Why We Need Liquidity Pools

We need to provide financial liquidity across decentralized exchanges. Anyone familiar with globally accepted crypto exchange platforms like Binance and Coinbase can tell the trading fees and techniques they operate on. They use the order book model most frequently, just like stock exchanges such as Nasdaq and NYSE. To put it simply, the order book reveals the buyer-seller sync when placing orders. Typically, this is where one is bidding at a lower price and selling for the highest possible.

For a transaction to happen in the market, both participants have to converge at a specific price. But what happens when both parties aren't willing to come to reasonable terms? What if there's one coin shortage of a particular asset to be bought? At this point, the "Big Boys" or market players step in.

When these market makers place these large-scale buy or sell orders, they create revenue for liquidity providers. When this happens, 'smaller' users now have access to active trades without having to wait for vague counters in the market.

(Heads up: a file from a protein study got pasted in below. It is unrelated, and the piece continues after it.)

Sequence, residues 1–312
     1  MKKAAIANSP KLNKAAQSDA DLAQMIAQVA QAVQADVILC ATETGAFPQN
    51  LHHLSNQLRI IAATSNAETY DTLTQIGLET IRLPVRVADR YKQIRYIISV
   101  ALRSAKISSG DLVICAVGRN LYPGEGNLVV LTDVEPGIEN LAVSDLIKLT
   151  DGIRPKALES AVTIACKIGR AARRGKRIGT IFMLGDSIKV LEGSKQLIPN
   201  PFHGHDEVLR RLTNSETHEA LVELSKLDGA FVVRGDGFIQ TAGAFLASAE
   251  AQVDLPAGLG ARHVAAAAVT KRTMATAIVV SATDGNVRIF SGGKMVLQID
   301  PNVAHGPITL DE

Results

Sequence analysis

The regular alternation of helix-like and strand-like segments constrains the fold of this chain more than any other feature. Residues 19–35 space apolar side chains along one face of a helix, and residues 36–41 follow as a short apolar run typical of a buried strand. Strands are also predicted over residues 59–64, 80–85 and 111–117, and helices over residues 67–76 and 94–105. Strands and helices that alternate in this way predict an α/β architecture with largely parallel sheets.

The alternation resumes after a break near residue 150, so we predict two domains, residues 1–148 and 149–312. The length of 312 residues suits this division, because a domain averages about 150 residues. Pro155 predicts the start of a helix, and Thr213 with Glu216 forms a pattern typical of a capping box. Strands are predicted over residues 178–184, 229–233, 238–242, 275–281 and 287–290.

Pool tokens are necessary because the order book model only relies on significant decisions made by multiple market makers. With the order book model, it's these makers who have to trigger these moves in order for us to see the right outcome.

Slight changes in these prices result in multiple orders sent to an exchange. ETH, for example, with its process of having multiple transactions per second and 10-19 seconds of block time, isn't made for any order book exchange.

There are some promising ones like Loopring. Unfortunately, they still subscribe to market makers' decisions. To add to that, there have numerous reports of the website being prone to issues. And if that wasn't enough, users have to follow additional steps on every trade as these funds have to be transferred from the second layer and back. With these setbacks, it's clear that the markets need for a new invention in the decentralized world.